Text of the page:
Coca-Cola, Pepsi and Dr Pepper team up for recycled plastics drive

October 31, 2019 by  
Filed under Business, Green

Comments Off on Coca-Cola, Pepsi and Dr Pepper team up for recycled plastics drive

The collaboration spearheaded by WWF will focus on boosting recycling infrastructure and public awareness campaigns in the U.S.

More:
Coca-Cola, Pepsi and Dr Pepper team up for recycled plastics drive

Oil companies aren’t making big investments in a low-carbon future yet

October 31, 2019 by  
Filed under Business, Green

Comments Off on Oil companies aren’t making big investments in a low-carbon future yet

But some companies are showing an interest in it.

Original post:
Oil companies aren’t making big investments in a low-carbon future yet

New Animal Endangerment Map shows global distribution of threatened animal species

October 3, 2019 by  
Filed under Eco, Green

Comments Off on New Animal Endangerment Map shows global distribution of threatened animal species

Today’s wildlife are in peril, facing a variety of threats that test their survivability.  To illustrate the crisis magnitude, a new Animal Endangerment Map has been presented that reflects the conservation status of globally threatened species . Species survival is vital to preserving biodiversity and a region’s unique natural history but progress has not been kind to flora and fauna of late.  What’s causing species endangerment? Some threats are natural, like disease, for instance. However, the main culprits are because of human activities alone. Climate change , habitat loss (deforestation, urban/suburban development, agriculture, livestock farming), illegal trapping and poaching for wildlife trade, invasive species, overexploitation (excess hunting, overfishing, over-harvesting of aquatic resources) and pollution all have the human footprint.  Related: US and Canada in drastic crisis with 3 billion birds lost since 1970 Human population growth fundamentally leaves less room for wildlife species.  And as ecosystems are weakened, many species are forced to adapt quickly or face extinction in the decades ahead.  The newly devised Animal Endangerment Map collates and analyzes data from both the International Union for Conservation of Nature (IUCN) and the World Wildlife Fund (WWF).  The map classifies global animal distributions as vulnerable, endangered or extinct .  How the species are assigned into the various categories is based on two factors standardized by the IUCN and WWF – the population size, as well as the amount of population decline over the previous 10 years or three generations. The Animal Endangerment Map has determined that the United States currently has 1,283 total species at risk. They are further sub-categorized as follows: 237 extinct, 4 extinct in the wilderness , 214 critically endangered, 277 endangered and 551 vulnerable. It is hoped data provided by the Animal Endangerment Map can assist in efforts to secure habitats and to sustain entire species. With this information, researchers and governments can address target areas for preservation.  The map, interestingly, has a toggle feature that displays data from 10 years ago to correlate with present day results, thereby allowing users to longitudinally compare conservation status of various species. Hence, the information provided can reveal efficacy and long-term feasibility of programs as they develop and are implemented.  More importantly, past initiatives have proven that well-managed protected areas can escape from the brink, allowing species to recover.  It is hoped therefore that the Animal Endangerment Map can inspire well-informed conservation action to safeguard the wildlife that currently need help.  + Animal Endangerment Map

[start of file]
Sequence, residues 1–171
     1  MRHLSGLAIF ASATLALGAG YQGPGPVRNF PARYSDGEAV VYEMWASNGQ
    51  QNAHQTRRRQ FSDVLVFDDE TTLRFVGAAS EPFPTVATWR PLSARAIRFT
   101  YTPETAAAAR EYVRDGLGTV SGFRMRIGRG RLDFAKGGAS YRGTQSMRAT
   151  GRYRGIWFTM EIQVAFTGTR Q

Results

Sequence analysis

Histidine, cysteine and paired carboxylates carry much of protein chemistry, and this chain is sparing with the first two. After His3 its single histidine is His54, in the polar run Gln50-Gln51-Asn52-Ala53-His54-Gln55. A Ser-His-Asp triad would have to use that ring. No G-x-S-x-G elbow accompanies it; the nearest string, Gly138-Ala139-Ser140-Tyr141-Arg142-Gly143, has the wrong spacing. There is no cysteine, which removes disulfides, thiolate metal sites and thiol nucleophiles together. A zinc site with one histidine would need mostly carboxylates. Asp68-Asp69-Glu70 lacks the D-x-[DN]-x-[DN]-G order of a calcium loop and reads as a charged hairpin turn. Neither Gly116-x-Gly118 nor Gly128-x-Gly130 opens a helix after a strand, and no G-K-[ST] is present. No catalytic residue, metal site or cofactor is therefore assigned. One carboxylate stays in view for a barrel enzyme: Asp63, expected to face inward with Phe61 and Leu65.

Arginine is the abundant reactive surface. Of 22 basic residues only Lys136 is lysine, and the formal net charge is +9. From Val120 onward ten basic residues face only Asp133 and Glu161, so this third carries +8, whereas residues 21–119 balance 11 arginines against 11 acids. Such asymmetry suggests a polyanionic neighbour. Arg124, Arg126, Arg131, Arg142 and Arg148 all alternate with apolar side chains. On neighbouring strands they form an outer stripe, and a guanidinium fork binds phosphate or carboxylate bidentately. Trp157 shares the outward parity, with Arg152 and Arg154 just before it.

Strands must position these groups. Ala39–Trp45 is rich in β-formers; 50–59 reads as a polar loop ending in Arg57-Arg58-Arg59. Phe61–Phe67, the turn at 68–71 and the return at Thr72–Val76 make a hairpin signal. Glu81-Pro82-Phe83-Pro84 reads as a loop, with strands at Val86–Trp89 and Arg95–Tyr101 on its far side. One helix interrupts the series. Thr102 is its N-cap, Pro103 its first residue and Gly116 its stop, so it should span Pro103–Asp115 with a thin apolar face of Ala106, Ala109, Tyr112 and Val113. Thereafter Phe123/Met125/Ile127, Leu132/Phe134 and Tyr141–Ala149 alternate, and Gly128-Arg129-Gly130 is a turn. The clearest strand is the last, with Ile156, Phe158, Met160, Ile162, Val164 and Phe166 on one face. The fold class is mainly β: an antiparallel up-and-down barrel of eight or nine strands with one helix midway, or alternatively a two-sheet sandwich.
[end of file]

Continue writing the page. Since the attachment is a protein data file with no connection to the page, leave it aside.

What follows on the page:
View original post here: 
New Animal Endangerment Map shows global distribution of threatened animal species

Good Clothing releases capsule collection made from hemp and organic cotton

October 3, 2019 by  
Filed under Eco, Green

Comments Off on Good Clothing releases capsule collection made from hemp and organic cotton